​​PJM and the other U.S. independent system operators/regional transmission operators have a record of delivering enormous consumer benefits in the 20-plus years since organized wholesale markets were first introduced in the United States. But the Minimum Offer Price Rule order issued by FERC in December – requiring PJM to rewrite its capacity market rules to blunt the effects of state-level clean energy choices — puts that record at risk. When this development is considered alongside the large surpluses of generating capacity built up over the years, it becomes clear that the ISO/RTO capacity markets, which were once a useful adaptation in response to specific concerns, have overstepped their mission and outlived their usefulness.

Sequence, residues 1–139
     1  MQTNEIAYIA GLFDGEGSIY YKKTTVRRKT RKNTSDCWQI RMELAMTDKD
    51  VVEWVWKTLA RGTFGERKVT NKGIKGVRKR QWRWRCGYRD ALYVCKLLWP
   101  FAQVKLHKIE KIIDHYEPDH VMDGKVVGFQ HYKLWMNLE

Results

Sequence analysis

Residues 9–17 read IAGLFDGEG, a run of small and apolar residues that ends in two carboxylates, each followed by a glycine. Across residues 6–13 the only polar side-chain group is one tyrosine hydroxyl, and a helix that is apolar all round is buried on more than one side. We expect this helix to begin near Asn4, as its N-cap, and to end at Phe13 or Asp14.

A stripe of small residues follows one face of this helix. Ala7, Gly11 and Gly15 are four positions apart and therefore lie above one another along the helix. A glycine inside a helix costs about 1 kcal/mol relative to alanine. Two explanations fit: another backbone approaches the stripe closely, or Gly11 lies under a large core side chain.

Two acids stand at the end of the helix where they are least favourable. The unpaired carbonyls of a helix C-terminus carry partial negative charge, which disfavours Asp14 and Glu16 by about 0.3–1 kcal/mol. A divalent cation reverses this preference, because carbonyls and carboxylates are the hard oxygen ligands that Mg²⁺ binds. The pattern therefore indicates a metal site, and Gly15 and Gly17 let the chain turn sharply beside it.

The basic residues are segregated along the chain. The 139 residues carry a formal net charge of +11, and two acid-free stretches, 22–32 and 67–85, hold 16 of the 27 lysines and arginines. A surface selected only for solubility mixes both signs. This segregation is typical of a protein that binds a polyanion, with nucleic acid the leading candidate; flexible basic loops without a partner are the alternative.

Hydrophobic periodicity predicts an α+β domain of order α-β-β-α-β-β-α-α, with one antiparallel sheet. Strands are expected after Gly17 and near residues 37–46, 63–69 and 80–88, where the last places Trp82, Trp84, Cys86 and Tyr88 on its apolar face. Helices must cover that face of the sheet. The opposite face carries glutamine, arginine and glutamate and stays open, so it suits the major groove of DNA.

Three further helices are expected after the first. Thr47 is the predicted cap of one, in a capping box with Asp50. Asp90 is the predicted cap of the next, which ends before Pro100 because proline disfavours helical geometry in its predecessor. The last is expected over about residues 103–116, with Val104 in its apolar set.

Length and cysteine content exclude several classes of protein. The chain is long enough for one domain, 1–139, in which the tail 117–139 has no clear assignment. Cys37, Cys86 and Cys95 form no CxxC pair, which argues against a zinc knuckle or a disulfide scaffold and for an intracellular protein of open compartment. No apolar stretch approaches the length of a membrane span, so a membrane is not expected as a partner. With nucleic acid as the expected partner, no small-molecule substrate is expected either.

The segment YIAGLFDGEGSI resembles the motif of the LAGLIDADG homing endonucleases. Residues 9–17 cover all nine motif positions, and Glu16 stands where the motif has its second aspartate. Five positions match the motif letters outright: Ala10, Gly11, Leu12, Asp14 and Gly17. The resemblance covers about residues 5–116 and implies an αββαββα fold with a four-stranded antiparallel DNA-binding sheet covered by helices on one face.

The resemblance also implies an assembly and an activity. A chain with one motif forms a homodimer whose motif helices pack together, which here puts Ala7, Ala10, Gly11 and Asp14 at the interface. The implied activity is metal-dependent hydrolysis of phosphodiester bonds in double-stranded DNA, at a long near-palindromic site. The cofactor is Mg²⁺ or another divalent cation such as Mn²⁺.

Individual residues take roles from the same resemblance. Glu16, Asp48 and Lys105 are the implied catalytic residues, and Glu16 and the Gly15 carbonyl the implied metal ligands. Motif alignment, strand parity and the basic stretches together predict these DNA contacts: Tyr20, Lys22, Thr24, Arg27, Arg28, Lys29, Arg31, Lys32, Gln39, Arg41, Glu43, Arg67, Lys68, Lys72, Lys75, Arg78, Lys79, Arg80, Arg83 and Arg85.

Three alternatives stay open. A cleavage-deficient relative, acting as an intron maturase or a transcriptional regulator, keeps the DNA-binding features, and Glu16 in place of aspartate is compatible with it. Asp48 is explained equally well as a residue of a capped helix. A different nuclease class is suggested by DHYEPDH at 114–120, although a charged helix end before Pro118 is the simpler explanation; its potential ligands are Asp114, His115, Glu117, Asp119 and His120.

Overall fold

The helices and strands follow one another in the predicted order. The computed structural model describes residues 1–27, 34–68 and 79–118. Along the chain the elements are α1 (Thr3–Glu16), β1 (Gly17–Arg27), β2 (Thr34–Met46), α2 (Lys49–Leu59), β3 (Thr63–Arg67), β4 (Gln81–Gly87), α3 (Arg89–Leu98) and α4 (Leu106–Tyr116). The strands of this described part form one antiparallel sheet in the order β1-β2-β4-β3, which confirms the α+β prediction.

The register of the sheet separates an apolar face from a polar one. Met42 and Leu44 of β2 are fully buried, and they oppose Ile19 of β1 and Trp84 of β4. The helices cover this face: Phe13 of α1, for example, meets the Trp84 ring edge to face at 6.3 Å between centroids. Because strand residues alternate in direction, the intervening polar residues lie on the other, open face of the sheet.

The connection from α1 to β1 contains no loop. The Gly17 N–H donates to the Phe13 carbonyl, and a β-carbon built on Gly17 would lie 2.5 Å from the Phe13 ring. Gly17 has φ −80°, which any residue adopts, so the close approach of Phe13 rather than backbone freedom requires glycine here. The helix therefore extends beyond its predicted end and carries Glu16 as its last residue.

This moment presents an opportunity to refocus resource adequacy on those for whom it is pursued: consumers, businesses and the state governments they elect. This paper does so by exploring four key questions: What constitutes “adequate”? How is the challenge of maintaining adequate resources changing? Who is responsible for securing resource adequacy in organized markets? What would “consumer-centric” resource adequacy look like?